The Walden Pond State Reservation, located near Lincoln and Concord on Route 26, a mile or so off Route 2 (twenty miles northwest of Boston), includes the site of the shack Thoreau built with lumber he bought in an existing clearing on land belonging to Ralph Waldo Emerson. Beside the parking lot, on the other side of Route 26, is a replica of the shack and a statue of Thoreau. The park headquarters shop also has a lot of Thoreau and Emerson stuff.
There is, however, more to the park than its connection to 19th-century American literature. When I was there in mid-September, a number of people were swimming in what I’d consider a real lake. (The water temperature was 76 F.) More were sunbathing (late in the day as it was!). Some were canoeing, and others making pilgrimages to the site of Thoreau’s shack or hiking with other purposes. I didn’t see anyone fishing, though it is listed as once of the recreational activities.
In the winter, there is cross-country skiing. I trust that snowmobiles are prohibited. Motorized boats are.
I didn’t see any birds, though I heard some. Some curious mosquitoes came to feed. (One died trying, another two succeeded in sipping my blood.) There is also fairly abundant (though plainly visible) poison ivy.
The Reservation (administered by the county rather than by the state park system) encompasses 333 acres surrounding the pond, which is a 103 foot deep glacial kettle hole pond. In total , 2280 acres of mostly undeveloped woods, called “Walden Woods” surrounds the pond. Very little of it is virgin forest, though perhaps some of Emerson’s 70 acres (minus Thoreau’s cabin site) were preserved. There are probably more trees now than in Thoreau’s day, though second-growth woods.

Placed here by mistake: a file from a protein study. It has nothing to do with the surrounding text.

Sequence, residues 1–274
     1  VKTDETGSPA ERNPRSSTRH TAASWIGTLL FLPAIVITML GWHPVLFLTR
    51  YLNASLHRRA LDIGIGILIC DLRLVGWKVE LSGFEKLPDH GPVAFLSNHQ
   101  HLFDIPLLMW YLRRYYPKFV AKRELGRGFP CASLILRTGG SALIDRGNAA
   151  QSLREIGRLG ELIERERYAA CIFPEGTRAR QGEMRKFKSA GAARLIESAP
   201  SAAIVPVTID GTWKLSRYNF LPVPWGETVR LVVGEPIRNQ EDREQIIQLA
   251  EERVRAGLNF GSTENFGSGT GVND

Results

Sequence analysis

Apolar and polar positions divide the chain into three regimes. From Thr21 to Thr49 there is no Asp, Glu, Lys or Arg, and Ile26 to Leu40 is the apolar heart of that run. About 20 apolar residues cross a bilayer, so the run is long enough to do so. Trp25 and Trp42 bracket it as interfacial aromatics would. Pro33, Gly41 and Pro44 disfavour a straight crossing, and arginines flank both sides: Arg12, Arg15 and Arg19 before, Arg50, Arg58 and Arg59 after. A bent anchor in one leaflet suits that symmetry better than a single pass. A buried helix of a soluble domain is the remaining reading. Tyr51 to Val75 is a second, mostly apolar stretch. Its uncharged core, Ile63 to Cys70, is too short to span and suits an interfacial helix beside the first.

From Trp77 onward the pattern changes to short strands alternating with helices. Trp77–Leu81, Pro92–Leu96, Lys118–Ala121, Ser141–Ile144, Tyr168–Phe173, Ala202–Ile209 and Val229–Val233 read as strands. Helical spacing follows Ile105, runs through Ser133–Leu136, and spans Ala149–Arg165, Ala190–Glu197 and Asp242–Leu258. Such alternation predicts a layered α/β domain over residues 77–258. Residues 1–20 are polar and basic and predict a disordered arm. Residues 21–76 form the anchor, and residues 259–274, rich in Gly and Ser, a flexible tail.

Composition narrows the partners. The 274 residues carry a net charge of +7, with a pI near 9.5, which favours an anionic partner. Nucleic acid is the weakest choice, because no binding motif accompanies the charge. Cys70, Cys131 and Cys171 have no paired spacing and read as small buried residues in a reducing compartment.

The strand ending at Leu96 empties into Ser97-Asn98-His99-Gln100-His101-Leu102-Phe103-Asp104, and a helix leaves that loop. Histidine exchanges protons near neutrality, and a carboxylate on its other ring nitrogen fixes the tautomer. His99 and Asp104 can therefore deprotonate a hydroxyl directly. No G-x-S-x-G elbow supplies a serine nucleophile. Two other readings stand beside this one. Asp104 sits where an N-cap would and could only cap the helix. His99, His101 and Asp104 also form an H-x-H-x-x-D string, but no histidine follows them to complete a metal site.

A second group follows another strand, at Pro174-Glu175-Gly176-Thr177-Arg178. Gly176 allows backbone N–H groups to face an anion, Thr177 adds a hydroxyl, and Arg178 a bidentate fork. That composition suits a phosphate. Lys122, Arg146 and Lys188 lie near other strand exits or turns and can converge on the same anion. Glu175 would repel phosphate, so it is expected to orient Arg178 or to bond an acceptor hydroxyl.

After Thoreau’s residence (1845-47), the Fitchburg Railroad (Company which was already running trains by when Thoreau was there) built an excursion park on the shore at Ice Fort Cove (which is west of the cove now named for Thoreau above which he lived). The excursion park burned down in 1902 and was never rebuilt. Summer crowds reached 2,000 a day even before bathhouses were built in 1917. In 1922 the Emerson, Forbes and Heywood families granted some 80 acres surrounding the pond to the Commonwealth of Massachusetts for the purpose of “preserving the Walden of Emerson and Thoreau, its shores and nearby woodlands, for the public who wish to enjoy the pond, the woods and nature, including bathing, boating, fishing and picnicking.” Summer Sunday crowds during the 1930s reached 25,000 in number. (I’d bet they concentratedon the beaches, so that the woods might still have presented at least a glimmer of solitude for the unhappy few.)
Now, the number of visitors is limited to one thousand at a time (I think this is estimated by the parking lot being full rather than by a headcount, but the visitor center was closed and no one was staffing the parking lot entrance, so there was no one to ask). Dogs, bicycles, floatation devices, motorized vehicles and boats, and grills are prohibited. To avoid disappointment, visitors are encouraged to call the park (at 978 369-3254) in advance and check on parking availability.
(I did not see any horses, but neither did I see any prohibition of them.)
The parking lot charge is $5. The parking lots are east of Route 126, the pond west of it. The main beach is only a short walk down from the highway. (“Take nothing but pictures, leave nothing but footprints” applies. There are no trash receptacles on the pond side.)
(BTW, Thoreau is buried in the family plot in Sleepy Hollow Cemetery in Concord. The visit inspired me to reread Walden, which I found difficult and often annoying as I discussed at http://www.associatedcontent.com/article/400933/a_hard_slog_through_thoreaus_exaltations.html.)